Water in Detroit has been tapped out for many residents- literally.
The city shut off water beginning in March to many of its customers over one to two months late on bills. The act, which is similar to cutting off the flow of electricity to house owners who failed to pay their bills, is being railed as a human rights violation. The U.N. even plans to intervene, with a formal report for the U.N. Human Rights Council and private policy talks with Obama. NBC reported the story today, quoting both people whose water was turned off and activists appalled by the situation.
To be frank, the idea of water as basic right is something taken for granted.
Water.org states that 780 million people lack access to clean water worldwide- more than 2.5 times the actual population of the United States.
It is a human rights violation; it goes against rights established by the U.N. that all people deserve safe drinking water. It’s a necessity, so theoretically, water should be more affordable. The human population cannot sustain without it, so why charge a rate that users cannot afford?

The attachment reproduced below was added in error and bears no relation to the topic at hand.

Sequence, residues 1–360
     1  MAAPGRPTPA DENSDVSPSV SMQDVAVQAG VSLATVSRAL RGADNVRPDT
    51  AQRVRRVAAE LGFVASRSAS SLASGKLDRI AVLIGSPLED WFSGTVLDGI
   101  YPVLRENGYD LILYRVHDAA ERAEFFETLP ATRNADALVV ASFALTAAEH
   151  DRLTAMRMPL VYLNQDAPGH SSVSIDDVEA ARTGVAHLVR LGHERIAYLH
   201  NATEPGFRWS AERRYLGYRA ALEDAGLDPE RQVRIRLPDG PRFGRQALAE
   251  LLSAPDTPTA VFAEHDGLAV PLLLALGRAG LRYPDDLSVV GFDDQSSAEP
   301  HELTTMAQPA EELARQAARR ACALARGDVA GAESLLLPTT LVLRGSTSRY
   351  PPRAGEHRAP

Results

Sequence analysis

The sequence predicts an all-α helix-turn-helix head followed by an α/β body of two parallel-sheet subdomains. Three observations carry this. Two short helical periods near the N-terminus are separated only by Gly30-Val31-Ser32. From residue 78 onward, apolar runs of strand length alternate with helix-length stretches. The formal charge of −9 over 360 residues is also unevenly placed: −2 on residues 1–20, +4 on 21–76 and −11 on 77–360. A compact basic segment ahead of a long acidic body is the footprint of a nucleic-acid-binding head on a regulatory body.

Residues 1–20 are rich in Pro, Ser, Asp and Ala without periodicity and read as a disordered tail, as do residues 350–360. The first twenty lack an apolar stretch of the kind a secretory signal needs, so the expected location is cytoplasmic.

I understand that the city cut off the supply because they weren’t receiving necessary payment. Cities, after all, operate virtually as businesses or corporations of their own. I see the economical side of the argument; they cannot provide the water without compensation for its delivery.
However, being a necessity, it’s inhumane to cut off supply. You cannot force residents to rely on more expensive bottled water or find donations.
The root of the problem lies in the cost- the money needed. Being a driving factor, the only ethical option is to find ways in which to decrease the cost of water in the city of Detroit, not deprive residents of it.
Though access to running, clean water is underappreciated, often unrecognized, and may not be a right stated in the constitution, it’s a necessity that should be available to all. Just as villages in Asia and Africa deserve access to drinking water, residents of Detroit do as well.
Little things like this are blessings and should be more appreciated, but even more so, they should be affordable and accessible.
All corruption aside, the Detroit government needs to find a way to drive down cost and provide access to water once again, or else the number of people without access to clean water will now exceed 780 million people, and consist of more Americans.